Aging Across Generations—
Interactions That Work
Peter J. Whitehouse
This concluding section of the book has four chapters written from a variety of different disciplinary perspectives, including medicine, nursing, psychology, gerontology and social work. The authors focus on the importance of families in providing care for older adults, particularly the role of women. The particular challenges for grandparent caregivers of children are identified as well as the importance of developing programs targeted for those individuals. In addition to describing the challenges that intergenerational caregiving presents, the authors also communicate a sense of caring and hope about the positive growth opportunities for individuals and families through this process.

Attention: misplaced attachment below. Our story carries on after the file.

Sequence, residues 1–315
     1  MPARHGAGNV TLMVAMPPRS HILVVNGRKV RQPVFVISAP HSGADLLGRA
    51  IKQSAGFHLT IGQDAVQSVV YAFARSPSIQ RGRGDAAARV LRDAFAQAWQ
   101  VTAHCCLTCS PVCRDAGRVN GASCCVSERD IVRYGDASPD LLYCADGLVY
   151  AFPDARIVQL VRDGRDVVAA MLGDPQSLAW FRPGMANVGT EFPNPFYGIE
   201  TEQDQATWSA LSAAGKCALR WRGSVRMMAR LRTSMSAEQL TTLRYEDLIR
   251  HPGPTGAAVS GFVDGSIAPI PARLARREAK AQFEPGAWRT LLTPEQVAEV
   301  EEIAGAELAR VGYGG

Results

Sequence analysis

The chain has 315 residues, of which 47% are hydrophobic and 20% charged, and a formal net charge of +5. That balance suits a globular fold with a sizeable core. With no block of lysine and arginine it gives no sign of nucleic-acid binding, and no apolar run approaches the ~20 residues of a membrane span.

The first chapter begins with a clinical story of a devoted daughter who tries to provide a good quality of life for a moderately demented and medically frail mother. The circumstances of her death are less than ideal and highlight the importance of communication between professional and family caregivers. This first chapter presents the idea that the very structures of our families are changing creating an enormous amount of variability that health care professionals need to address as they attend to the needs of caregivers. This chapter by Peter DeGolia is written from a family medicine perspective and offers very practical advice about how caregivers should address the challenges of caregiving, including taking care of themselves, recognizing limits and developing regular planned schedules of